New Resource – Restorative Parenting Can Prevent Sexual Violence During Shelter-in-Place: Talking Circles at Home and Parenting Restoratively

0 comments

During the Pandemic, reports of domestic violence inside the home have been increasing. While shelter-in-place restrictions are necessary to slow the spread of COVID-19, unfortunately, the heightened stress and isolation can put families at risk for experiencing and causing violence inside the home. Adopting restorative practices, like healthy communication, can be a helpful tool for intervention or to diffuse a situation before tension escalates.

In mid-2020, Project NIA released The Building Accountable Communities (BAC) Toolkit which included Jennifer Viet’s “Talking Circles at Home and Parenting Restoratively” guide.  Mariame Kaba, Founder and Director of Project NIA, came across Viet’s guide in April 2020 and asked Viet if she could use a revised version in the BAC Toolkit. Jennifer Viet, a Chicago-based Restorative Practices Coach, came to Restorative Justice (RJ) and circle keeping as a mother and incorporates her own lived experience as a parent and RJ facilitator into this guide.

This guide is intended to provide practical tools and resources for families to address conflict restoratively, rather than punitively, that are able to be incorporated into everyday life. Components of the toolkit include resources such as holding a family circle (including how to have a family circle about the current uprising), sharing feelings, speaking with someone who has caused/experienced harm, a restorative conversation checklist and additional tools for empathetic listening.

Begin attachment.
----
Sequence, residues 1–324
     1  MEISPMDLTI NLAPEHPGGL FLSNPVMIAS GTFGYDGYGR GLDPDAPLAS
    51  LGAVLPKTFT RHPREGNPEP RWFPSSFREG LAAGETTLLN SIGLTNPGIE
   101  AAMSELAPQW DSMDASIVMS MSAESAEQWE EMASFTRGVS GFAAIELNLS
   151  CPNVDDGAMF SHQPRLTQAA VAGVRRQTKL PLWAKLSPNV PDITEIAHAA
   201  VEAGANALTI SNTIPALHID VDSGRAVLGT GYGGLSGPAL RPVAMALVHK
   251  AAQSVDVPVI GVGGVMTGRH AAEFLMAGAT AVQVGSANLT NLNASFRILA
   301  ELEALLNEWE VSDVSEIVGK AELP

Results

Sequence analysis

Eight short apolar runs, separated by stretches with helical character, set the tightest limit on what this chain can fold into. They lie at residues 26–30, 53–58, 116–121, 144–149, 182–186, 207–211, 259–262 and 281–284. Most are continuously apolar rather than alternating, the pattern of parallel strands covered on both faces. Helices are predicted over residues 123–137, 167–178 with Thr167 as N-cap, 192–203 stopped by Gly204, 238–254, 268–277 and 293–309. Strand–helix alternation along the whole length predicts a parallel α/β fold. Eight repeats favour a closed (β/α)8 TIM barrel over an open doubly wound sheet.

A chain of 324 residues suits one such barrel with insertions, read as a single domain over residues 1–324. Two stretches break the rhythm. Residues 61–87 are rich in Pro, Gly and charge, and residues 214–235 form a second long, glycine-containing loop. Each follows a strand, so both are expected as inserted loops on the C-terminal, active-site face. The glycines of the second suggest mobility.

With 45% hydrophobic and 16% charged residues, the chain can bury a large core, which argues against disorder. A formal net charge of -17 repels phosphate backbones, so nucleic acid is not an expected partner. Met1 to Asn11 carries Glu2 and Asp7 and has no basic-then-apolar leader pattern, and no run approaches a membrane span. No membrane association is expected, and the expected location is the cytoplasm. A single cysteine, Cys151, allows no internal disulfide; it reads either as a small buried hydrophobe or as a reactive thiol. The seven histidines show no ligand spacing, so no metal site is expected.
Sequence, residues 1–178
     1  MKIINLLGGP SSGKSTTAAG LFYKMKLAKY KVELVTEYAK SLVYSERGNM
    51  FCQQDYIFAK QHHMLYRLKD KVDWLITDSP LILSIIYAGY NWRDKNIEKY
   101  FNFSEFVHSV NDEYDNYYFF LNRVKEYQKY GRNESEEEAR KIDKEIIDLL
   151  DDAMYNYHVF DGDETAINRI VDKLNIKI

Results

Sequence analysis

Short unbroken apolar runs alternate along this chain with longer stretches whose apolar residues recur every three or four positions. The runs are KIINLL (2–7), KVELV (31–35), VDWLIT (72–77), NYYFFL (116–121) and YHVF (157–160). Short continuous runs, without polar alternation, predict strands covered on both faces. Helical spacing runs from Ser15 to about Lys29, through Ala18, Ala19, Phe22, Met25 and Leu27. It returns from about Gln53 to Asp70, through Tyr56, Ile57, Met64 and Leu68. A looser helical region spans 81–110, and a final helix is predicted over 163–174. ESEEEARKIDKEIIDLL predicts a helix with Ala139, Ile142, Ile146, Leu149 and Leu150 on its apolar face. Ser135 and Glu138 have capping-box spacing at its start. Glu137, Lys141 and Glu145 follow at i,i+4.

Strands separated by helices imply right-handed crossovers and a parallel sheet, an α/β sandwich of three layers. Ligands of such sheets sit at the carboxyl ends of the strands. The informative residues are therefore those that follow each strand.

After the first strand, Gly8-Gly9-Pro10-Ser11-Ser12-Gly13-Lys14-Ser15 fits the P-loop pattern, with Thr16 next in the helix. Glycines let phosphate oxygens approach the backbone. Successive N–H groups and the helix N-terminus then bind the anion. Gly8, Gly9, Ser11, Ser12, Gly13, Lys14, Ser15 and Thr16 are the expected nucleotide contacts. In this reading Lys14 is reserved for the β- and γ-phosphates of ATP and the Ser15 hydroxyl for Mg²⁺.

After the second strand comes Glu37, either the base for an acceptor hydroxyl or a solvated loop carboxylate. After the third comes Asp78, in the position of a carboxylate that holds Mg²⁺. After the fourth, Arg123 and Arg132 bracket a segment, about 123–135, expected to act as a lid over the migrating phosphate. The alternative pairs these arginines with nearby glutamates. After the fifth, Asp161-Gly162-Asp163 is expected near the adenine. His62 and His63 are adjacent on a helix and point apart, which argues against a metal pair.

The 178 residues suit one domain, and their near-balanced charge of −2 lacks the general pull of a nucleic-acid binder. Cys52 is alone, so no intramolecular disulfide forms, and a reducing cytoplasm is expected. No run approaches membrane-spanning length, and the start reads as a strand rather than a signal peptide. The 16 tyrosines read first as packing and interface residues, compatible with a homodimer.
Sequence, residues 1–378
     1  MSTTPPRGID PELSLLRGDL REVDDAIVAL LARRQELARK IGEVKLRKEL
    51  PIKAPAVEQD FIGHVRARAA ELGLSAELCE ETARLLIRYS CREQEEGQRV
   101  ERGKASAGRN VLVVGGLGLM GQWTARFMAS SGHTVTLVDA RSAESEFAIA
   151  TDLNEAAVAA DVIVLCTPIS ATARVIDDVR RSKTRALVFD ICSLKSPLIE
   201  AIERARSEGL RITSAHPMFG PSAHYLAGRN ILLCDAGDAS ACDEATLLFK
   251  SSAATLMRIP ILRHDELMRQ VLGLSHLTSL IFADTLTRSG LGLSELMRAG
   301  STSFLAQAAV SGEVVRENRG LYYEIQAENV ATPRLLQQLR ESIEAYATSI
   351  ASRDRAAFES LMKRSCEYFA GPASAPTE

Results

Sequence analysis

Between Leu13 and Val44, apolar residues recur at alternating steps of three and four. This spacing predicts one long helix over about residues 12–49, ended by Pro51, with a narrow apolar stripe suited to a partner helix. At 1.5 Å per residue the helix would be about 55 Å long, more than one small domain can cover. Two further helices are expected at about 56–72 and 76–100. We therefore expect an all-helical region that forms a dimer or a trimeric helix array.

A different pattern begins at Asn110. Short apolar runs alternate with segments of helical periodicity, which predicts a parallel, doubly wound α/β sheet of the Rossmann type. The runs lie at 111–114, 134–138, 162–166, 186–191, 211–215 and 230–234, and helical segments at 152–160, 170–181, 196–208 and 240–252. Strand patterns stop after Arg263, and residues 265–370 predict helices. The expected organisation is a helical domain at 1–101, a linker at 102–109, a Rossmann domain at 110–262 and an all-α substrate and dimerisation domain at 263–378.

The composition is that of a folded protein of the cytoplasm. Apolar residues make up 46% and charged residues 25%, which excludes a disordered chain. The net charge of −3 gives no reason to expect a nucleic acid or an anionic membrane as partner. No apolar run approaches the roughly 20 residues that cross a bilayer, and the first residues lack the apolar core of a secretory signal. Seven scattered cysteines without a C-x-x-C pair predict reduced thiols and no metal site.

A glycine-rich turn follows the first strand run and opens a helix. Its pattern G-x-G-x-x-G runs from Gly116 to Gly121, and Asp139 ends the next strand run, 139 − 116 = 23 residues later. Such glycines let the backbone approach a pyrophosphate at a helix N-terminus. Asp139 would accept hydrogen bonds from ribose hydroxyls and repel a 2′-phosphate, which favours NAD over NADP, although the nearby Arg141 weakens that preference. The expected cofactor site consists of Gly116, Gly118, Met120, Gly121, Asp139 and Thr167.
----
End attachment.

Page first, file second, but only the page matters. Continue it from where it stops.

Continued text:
Resources like this guide prevent sexual violence and abuse by eliminating some of the conditions that allow abuse to occur at home in the first place. Additionally, according to the CDC, “Parental use of reasoning to resolve family conflict” is considered one of the main protective factors that may lessen the likelihood of using or experiencing sexualized violence in childhood. Familial empathy building normalizes caring about others and restorative, rather than aggressive, communication is an important skill to build in childhood that also can prevent violence from occurring later in life.

This guide could not be a timelier resource considering that so many families are currently still sheltered in place while kids are returning to school at a distance. The economic impacts have also devastated families and continue to produce negative mental health outcomes. Encouraging communities to use talking circles and restorative parenting at home may be able to mitigate and manage some of the tension.

Sarah Orton

Sarah has a BA in Sexuality Studies with a focus on Research Methodology from the Evergreen State College. In 2011, during the pursuit of her undergraduate degree, she began volunteer work in reproductive justice and has been working in sexual assault prevention and intervention for the last six years in California and Tennessee. Her work has primarily included program management and implementation at community rape crisis centers, college campuses, and systems-based facilities. Additionally, she has a background in training and education, including providing comprehensive sex education and healthy sexuality group facilitation.

Comments on this entry are closed.

SEARCH BLOG